PSU shareholders, awake!
A recent government decision asking public sector behemoth Coal India Ltd (CIL) to commit long-term fuel supplies to power companies has triggered a volley of protests from minority shareholders. HT explains the nuances of shareholders' rights and the legislative state of play.business Updated: Apr 10, 2012 22:01 IST
What is the whole issue with CIL?
Several independent directors on the CIL's board and at least one minority shareholder were against the company's decision to commit assured coal supply to fuel-starved power companies through long-term fuel supply agreements (FSA).
Why were the minority shareholders opposed to it?
London-based fund The Children's Investment Fund Management (UK) Llp, or TCI, which owns 1.01% stake in CIL has charged the company with selling coal at a price that's up to 70% below the market price, hurting shareholders' interests.
Why did CIL commit assured coal supplies to power companies?
CIL bowed to pressure from the government and rolled back a price increase after power producers argued with the government that domestic coal supply shortages were crippling planned commissioning of plants
When did the assurance come about?
Last week, the government issued a Presidential directive to CIL asking it to sign FSAs with power producers assuring them a minimum of 80% of the delivery committed following a meeting between the Prime Minister's Office (PMO) and power firms' top honchos including Ratan Tata, Anil Ambani and Gautam Adani. But the directive left it to the board of CIL to set the terms and conditions and the penalty clause to safeguard the interests of the company.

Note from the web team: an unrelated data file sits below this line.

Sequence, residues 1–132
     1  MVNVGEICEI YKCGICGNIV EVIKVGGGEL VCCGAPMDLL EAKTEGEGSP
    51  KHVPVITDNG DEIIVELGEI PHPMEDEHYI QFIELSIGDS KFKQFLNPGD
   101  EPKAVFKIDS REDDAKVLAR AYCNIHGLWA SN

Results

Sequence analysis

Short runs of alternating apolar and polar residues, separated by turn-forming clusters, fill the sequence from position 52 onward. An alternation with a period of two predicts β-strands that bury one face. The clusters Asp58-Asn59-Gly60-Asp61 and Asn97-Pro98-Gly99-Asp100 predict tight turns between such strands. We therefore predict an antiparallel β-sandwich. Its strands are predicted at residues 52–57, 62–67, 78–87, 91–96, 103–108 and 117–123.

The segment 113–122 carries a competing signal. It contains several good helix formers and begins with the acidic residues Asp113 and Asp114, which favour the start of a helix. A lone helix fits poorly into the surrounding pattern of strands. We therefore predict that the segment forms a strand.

What is a Presidential directive?
The President of India can exercise her executive powers under Article 53 of the Constitution, but the directive should not violate the Right to Equality as enshrined in Article 14 of the Constitution.
How common are such directives?
Presidential directives are not uncommon. The government enjoys overarching authority in the functioning of public sector undertakings (PSUs). In PSUs, which are created by statutes or Acts of Parliament, as in the case of CIL, the powers to exercise Presidential directives are factored in the Act or the statute itself.
So, what's the problem with the directive on CIL?
Experts say normally such directives are broad in nature that define the contours of policy or act as guidelines for the PSU to follow. In the case of CIL, minority shareholders allege, the directive will have a direct bearing on the commercial obligations of the company, and therefore, amounts to interfering in the firm's day-to-day operations.
Are there any similar instances of minority shareholders opposing Board moves?
Yes, there are many such instances. In February, financial institutions (FIs) reportedly opposed the proposal of a multinational paint company for the amalgamation of three of its arms with itself. FIs raised questions about the valuation, merger ratio, royalty payment and the proposed increase of the parent company's stake.
Who is categorised as a 'small investor' in India?
Under current norms, a person who holds shares worth R1 lakh or less in a company is categorised as a small investor.
What's being proposed to grant more rights to small and minority shareholders?
The Companies Bill, which is likely to be voted into law this year, is aimed at overhauling corporate governance norms and granting shareholders with greater powers to defend their rights, marking an end to nearly three years of debate and discussions to legislate a framework of checks and balances, transparency and accountability.
The Bill is armed with a stringent set of rules and norms that would arm even small investors to fight for their rights collectively through "class action suits."
The proposed legislation, will make the Serious Fraud Investigation Office (SFIO), an agency mandated to investigate corporate scam, a statutory institution, with the authority to even arrest the guilty in corporate crimes.
It will make it compulsory for companies to rotate auditors and impose a ceiling on the tenure for which a particular person can serve as an independent director on a company's board.